How Do Electric Wheelchairs Work

Electric wheelchairs are an evolution of the traditional hand-pushed wheelchair/bath chair. They function in much the same way as manual wheelchairs, granting mobility to users over a wide range of terrains and inclines, however they’re selfpropelled, with a motor doing the hard graft.

As the chair is motorised, they also differ to manual wheelchairs in that they feature a systems platform beneath the seat. This platform – which is typically encased within a plastic shell – supports the motor as well as its power source (typically a battery array). The power pack is then connected via a wiring system to the motor, the seat and the wheelchair’s all-important control panel.

These controls, which are generally located on one of the armrests, enable the user to operate the majority of the chair’s functions. These include seat position (both elevation and tilt), motor power for speed alterations, directional movement – delivered through a joystick, plus system diagnostics.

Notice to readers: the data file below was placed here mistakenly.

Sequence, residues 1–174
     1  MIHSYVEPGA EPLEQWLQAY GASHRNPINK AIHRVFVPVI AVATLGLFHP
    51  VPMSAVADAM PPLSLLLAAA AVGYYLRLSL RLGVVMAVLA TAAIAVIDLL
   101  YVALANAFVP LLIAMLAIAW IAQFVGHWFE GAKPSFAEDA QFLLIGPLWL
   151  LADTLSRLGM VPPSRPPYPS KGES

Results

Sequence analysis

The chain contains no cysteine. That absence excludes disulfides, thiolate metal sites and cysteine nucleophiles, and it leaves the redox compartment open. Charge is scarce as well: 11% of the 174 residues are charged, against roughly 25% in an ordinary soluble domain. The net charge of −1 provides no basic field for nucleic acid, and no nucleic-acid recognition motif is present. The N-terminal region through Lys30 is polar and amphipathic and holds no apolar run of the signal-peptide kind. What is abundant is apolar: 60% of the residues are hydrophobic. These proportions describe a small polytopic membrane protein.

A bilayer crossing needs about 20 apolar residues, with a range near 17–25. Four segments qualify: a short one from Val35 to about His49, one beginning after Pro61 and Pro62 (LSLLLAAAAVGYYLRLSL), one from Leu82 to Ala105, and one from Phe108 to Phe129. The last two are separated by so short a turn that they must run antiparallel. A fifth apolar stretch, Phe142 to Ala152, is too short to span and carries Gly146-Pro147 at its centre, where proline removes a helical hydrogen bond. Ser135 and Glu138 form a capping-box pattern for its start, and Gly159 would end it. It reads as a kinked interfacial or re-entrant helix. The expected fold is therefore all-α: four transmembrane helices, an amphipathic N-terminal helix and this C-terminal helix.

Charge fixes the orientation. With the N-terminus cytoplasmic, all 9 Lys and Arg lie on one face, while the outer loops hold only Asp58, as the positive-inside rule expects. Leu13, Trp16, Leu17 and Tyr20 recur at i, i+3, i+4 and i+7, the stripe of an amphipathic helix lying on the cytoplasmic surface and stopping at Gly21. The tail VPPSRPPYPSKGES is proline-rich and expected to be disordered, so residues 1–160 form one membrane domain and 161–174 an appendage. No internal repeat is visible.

Drive wheels on electric wheelchairs, unlike manual models, are fixed on a single plane, with an additional set, or pair of sets, found at the front and back of the chair to take care of guidance. These guide wheels are typically fitted with variable suspension struts and springs so the wheels remain in contact with the ground even on uneven surfaces.

Indeed, many modern electric wheelchairs are designed to cope with robust terrains, with large tracked wheels, reinforced pivot frames, pneumatic suspension units and high-torque motors allowing for cross-country use.

Electric WheelchairsWhere did wheelchairs originate?

While wheeled platforms are recorded dating back to the 6th century BCE, one of the earliest references to wheelchairs being used in their modern incarnation comes from the 6th century CE. These are depicted in Chinese art carrying children, invalids and even emperors. These manually pulled cart-style chairs, however, were only the preserve of the rich and powerful, with wood, metal and those able to make them all in short supply. A good example of this can be seen in the inset image, which shows famous Chinese politician and philosopher Confucius being pushed around in his own bespoke wheelchair.

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